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Sugar is toxic to mice in 'safe' doses

Three soft drinks daily affect lifespan, reproduction

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When mice ate a diet of 25 percent extra sugar – the mouse equivalent of a healthy human diet plus three cans of soda daily – females died at twice the normal rate and males were a quarter less likely to hold territory and reproduce, according to a toxicity test developed at the University of Utah.

"Our results provide evidence that added sugar consumed at concentrations currently considered safe exerts dramatic adverse impacts on mammalian health," the researchers say in a study set for online publication Tuesday, Aug. 13 in the journal Nature Communications.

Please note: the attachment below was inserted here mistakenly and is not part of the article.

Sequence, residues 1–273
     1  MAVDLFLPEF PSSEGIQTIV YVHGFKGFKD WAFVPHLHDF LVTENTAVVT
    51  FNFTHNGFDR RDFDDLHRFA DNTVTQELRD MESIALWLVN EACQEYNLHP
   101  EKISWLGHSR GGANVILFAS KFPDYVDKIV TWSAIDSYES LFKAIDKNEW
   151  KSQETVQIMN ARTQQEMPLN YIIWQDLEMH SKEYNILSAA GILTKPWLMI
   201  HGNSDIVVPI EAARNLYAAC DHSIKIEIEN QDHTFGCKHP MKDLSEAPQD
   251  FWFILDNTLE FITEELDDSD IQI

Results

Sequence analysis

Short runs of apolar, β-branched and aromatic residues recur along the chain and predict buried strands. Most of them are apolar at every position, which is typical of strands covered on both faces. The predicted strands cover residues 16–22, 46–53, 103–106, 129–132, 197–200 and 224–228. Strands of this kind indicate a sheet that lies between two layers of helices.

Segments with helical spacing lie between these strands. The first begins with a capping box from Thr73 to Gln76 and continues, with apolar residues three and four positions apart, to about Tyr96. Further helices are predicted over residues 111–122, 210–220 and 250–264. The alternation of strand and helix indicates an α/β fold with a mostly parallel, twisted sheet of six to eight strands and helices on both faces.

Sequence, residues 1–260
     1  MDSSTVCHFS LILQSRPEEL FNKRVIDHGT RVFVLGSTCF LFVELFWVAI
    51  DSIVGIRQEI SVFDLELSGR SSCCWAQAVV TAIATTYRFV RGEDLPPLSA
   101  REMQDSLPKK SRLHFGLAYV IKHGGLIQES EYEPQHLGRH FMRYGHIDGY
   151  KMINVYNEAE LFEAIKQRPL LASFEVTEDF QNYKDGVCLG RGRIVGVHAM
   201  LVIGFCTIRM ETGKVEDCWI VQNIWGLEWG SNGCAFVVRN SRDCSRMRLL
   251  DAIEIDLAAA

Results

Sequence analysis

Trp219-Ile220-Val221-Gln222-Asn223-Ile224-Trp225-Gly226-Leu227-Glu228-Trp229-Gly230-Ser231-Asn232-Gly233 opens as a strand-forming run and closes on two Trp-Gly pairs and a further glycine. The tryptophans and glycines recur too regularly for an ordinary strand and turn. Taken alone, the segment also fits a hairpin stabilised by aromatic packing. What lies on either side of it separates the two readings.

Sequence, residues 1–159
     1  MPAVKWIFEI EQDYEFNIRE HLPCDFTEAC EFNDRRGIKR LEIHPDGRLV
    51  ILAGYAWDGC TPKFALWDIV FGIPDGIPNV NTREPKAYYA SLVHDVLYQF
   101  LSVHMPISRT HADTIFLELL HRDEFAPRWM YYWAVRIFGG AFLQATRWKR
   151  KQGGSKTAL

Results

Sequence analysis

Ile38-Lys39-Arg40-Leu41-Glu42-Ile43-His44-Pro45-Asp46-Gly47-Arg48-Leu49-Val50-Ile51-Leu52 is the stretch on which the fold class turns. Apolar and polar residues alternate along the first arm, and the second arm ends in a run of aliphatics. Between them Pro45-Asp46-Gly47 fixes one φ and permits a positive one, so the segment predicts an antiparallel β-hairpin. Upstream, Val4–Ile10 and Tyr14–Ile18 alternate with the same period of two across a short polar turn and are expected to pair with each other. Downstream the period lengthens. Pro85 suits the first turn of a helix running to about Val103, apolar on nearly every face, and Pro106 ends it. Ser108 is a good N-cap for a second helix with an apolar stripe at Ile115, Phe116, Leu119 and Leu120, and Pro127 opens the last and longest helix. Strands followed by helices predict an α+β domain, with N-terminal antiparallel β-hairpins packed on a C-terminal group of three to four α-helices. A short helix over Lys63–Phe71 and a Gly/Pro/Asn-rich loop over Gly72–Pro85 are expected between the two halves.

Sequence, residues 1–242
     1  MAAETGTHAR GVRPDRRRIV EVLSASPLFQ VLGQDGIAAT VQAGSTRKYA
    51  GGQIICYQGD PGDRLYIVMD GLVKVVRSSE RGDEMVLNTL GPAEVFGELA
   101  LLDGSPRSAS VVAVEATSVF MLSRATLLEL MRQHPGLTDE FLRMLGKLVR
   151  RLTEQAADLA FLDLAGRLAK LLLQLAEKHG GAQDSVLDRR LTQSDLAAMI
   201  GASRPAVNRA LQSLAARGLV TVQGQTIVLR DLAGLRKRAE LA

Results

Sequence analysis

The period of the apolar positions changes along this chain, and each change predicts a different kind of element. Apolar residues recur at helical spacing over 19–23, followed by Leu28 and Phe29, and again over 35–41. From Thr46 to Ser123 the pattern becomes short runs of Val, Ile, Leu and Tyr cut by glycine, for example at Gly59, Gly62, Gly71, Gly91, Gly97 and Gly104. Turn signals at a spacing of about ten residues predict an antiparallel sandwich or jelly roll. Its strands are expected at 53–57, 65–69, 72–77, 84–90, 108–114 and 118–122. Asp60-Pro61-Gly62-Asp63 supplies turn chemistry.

"This demonstrates the adverse effects of added sugars at human-relevant levels," says University of Utah biology professor Wayne Potts, the study's senior author. He says previous studies using other tests fed mice large doses of sugar disproportionate to the amount people consume in sweetened beverages, baked goods and candy.

"I have reduced refined sugar intake and encouraged my family to do the same," he adds, noting that the new test showed that the 25 percent "added-sugar" diet – 12.5 percent dextrose (the industrial name for glucose) and 12.5 percent fructose – was just as harmful to the health of mice as being the inbred offspring of first cousins.

Even though the mice didn't become obese and showed few metabolic symptoms, the sensitive test showed "they died more often and tended...

The full text of this article can be purchased from Informit.